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Earnings Roundup: HP, Dell top estimates on PC surge, Gap misses, Deere boosted by improving farm economy

Julie Hyman, Brian Sozzi and Myles Udland break down some of Wednesday's pre-market earnings movers, including HP Inc., Dell, Gap and Deere.

Video Transcript

JULIE HYMAN: Let's focus in on the markets though and specifically on some companies that reported earnings either after the bell yesterday or before the bell this morning and the moves that they are making. Now as people have been working from home, there's been a big surge in sales of PCs-- not all PCs but some kinds of PCs, notebooks in particular. Brian Sozzi, you are looking at the numbers from HP well as Dell.

BRIAN SOZZI: Yeah, Julie, both numbers within the consumer business, notebooks and printers at home, at least for HP, were very-- were quite good and an improvement relative, I think, to a lot of expectations on the Street. Same thing for Dell. Saw strong growth in Chromebooks, notebooks, you name it. They saw strength there.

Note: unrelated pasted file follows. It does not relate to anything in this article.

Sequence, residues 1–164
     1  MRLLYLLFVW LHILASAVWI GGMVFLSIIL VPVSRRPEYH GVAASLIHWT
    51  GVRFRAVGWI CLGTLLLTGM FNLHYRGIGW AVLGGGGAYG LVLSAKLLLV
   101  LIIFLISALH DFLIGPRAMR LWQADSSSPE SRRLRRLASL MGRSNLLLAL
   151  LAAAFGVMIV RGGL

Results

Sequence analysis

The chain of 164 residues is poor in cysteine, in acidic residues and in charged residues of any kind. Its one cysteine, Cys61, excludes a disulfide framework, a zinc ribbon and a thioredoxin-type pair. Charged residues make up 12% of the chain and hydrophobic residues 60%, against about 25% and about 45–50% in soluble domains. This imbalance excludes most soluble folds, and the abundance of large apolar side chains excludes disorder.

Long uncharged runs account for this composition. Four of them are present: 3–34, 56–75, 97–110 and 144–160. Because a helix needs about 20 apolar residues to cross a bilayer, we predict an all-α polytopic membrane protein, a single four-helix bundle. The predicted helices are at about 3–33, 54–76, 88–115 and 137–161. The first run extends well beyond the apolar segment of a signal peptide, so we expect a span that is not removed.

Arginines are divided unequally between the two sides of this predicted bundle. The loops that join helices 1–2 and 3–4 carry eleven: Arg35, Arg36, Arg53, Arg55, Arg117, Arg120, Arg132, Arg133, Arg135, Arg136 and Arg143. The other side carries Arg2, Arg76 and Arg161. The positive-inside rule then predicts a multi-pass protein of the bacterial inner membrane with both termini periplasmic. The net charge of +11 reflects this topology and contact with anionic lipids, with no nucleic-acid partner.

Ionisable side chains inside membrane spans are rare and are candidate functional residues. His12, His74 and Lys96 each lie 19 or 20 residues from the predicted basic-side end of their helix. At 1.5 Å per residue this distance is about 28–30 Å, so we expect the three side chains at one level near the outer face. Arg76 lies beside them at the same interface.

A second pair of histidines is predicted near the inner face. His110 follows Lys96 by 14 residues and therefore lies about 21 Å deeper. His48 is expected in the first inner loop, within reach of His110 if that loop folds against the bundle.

Where both did see weakness again is those commercial lines of business. Those businesses tied to the office. You're still hearing a lot of those customers that would otherwise upgrade their giant printers or their desktop computers just pushing out orders.

Now, I did talk to HP CEO Enrique Lores. We'll show that video a little later on in the show. But while with Dell, Dell's CFO Tom Sweet telling me that cautious consumers, at least when it comes to commercial, those enterprises, those corporations, remains the name of the game.

MYLES UDLAND: You know, it's been so interesting to see. This, you know, pandemic really served as a renaissance for the personal computer. We saw it with Apple's results a couple weeks back. They had their best quarter ever for the Mac business. Their iPad business has also been quite strong.

And I think it also plays into a broader economic theme that we've talked about here and one that is worth keeping in mind as we get towards the holidays, which is that this is the goods recovery. People are buying stuff. That's really all we can do, right? We can do some things. We can go to some restaurants or leave the house for some things, but the services economy-- which, of course, was the entire story of the 2010s-- has pretty much been put on pause, broadly speaking.